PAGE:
We'll see where this one goes.

Montana Man Pleads Guilty to Creating Massive Franken-Sheep With Cloned Animal Parts
The plan was to let people hunt the largest sheep in the world on private ranches in the U.S.

In Sweeter News...

We need a palate cleanser after that last bit of news. Fortunately, YouTube never disappoints. Lukas Rooney's beautiful paper stop-motion short film, about a three-legged lost sheep, will do the trick nicely.

Farm to (high-end) Fashion in Virginia

Back in the U.S., here's a farm-to-fashion story out of Virginia. Meet Fanny Kansteiner, who raises organic Merino sheep and uses their wool to make blankets, capes, throws, fingerless mittens, and baby clothes for her Gum Tree Farm Designs line.

Kansteiner has since added a lovely, albeit costly line of locally sewn products in fibers other than wool.—as well as yarn and, for the non-knitters among us, one-of-a-kind hand knitted animals.

Here's the profile:

Gum Tree Farm Takes a Farm-to-Fashion Approach to Luxury Merino Wool
Gum Tree Farm in Middleburg, led by founder Franny Kansteiner, uses a “farm-to-fashion” approach to produce luxury wool products.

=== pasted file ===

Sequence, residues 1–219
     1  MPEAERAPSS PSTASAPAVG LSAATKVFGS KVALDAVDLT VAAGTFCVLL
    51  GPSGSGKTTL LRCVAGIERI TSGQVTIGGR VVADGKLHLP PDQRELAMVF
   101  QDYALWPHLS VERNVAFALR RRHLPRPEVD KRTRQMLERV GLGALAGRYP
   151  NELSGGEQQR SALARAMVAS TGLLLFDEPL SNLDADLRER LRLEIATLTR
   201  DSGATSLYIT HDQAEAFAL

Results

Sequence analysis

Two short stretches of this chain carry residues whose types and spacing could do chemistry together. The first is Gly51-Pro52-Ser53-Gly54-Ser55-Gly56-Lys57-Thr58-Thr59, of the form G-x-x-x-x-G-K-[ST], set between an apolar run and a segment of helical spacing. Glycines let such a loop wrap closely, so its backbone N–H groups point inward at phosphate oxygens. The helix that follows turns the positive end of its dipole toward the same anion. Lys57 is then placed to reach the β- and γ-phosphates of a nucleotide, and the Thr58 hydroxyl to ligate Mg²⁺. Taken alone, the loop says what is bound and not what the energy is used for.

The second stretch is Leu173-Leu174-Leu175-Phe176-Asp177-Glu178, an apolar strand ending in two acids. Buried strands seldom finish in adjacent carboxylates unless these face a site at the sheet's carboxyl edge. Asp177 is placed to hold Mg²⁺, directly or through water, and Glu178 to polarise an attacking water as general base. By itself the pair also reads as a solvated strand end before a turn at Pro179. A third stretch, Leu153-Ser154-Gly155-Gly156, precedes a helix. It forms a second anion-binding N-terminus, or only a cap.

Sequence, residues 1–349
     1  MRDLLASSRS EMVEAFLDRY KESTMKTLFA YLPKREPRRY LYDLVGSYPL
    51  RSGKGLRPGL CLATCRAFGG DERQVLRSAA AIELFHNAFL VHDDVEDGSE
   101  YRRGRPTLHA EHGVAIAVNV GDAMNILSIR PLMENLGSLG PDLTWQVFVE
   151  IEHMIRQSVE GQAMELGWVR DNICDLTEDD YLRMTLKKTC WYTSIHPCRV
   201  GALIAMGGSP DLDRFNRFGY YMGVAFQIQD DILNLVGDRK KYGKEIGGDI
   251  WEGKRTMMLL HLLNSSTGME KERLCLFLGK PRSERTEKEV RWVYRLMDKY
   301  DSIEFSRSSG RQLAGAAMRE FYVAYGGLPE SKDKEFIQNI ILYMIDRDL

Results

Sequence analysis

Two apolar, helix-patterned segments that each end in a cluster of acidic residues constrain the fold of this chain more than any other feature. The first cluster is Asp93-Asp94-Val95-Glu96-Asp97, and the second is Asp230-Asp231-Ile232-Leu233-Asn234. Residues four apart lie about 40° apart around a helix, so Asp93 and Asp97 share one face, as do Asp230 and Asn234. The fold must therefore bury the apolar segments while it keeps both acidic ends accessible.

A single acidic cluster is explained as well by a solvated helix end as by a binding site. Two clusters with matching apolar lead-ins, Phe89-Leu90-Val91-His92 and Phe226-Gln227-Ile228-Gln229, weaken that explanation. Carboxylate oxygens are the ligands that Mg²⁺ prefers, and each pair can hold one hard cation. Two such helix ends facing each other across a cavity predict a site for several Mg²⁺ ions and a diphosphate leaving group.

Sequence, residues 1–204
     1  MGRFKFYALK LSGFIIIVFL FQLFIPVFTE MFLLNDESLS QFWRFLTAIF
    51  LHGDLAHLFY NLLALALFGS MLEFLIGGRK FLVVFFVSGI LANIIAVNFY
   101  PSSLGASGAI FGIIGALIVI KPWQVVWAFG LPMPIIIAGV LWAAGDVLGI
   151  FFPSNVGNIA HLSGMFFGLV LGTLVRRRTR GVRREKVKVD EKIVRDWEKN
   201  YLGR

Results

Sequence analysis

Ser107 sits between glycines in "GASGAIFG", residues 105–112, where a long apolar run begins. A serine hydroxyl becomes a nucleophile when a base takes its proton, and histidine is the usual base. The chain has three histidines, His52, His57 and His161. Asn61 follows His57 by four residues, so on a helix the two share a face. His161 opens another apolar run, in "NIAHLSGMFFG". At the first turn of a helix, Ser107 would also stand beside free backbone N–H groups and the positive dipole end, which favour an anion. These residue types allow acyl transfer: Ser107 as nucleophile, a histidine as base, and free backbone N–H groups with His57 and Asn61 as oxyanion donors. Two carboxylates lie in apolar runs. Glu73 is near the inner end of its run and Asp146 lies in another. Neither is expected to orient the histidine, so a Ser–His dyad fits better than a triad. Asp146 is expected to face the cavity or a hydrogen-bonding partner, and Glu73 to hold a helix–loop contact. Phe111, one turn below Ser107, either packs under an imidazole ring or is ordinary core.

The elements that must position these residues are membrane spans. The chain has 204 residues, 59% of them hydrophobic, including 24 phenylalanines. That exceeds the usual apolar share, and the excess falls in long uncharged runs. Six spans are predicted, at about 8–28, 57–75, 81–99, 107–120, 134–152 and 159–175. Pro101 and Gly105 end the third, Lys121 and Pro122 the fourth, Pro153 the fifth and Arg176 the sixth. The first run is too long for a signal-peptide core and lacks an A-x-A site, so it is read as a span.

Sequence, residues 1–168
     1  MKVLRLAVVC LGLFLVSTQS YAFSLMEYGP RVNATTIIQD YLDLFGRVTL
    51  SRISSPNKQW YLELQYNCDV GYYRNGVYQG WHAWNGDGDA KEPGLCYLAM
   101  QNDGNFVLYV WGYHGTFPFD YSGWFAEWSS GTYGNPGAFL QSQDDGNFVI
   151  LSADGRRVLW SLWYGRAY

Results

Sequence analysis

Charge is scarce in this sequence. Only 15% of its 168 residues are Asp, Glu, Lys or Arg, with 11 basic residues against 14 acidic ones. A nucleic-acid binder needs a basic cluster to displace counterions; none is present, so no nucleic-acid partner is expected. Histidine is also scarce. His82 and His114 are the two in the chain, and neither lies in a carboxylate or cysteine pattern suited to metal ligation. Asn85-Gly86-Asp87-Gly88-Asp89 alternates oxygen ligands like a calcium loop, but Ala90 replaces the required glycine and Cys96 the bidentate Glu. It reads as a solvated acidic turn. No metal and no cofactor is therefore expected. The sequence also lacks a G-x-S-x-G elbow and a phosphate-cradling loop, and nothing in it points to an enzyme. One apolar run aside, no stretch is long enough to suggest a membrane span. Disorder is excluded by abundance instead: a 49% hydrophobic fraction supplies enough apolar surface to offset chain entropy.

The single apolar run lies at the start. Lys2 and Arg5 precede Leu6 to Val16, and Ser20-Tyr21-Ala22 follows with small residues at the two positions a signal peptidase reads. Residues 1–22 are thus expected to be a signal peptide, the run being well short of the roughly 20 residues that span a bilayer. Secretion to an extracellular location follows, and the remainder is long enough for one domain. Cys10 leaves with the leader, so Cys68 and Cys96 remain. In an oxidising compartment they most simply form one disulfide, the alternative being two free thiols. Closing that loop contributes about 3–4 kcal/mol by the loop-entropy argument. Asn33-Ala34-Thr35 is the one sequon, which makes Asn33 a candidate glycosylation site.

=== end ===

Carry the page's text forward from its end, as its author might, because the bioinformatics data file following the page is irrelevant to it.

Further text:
Here Today, Gone... Today

Fans of Studio Ghibli merchandise were given a treat in January when merchandiser Donguri Kyowakoku reintroduced its phenomenally popular collection of handmade, needle-felted, 100% wool coasters featuring Totoro/Ghibli characters.

Donguri Kyowakoku only sells to customers inside of Japan, and as you might imagine, they sold out quickly. But the photos are still worth seeing—and I did find someone on Etsy who has a few on offer if you want to try and nab one.

Handmade wool Totoro/Ghibli coasters are available now for the first time in seven years【Photos】
It’s been a long time since we last saw these adorable coasters and pot mats featuring beloved characters from My Neighbor Totoro, Howl’s Moving Castle, and Kiki’s Delivery Service.

If Australia can't ban mulesing completely, consumers will

And finally, we haven't covered mulesing a lot here—but that doesn't mean it's not at the forefront of many people's conversations about wool. This recent article in The Guardian makes the point that consumers are pushing for the change and that Australia will lose out to other countries that have banned it. It also covers some of the ongoing research to develop vaccines and selective breeding that may help prevent future generations fight flystrike.

‘Nobody likes mulesing’: the market shift changing Australia’s wool industry
Researchers say it may not be possible to completely end mulesing and still prevent flystrike in Australian conditions – but the practice can be improved

On that note, I'll let you get back to your day. Thanks, as always, for your readership and your support.

Until next time,



Clara Parkes

Wool is life. I make The Wool Channel go.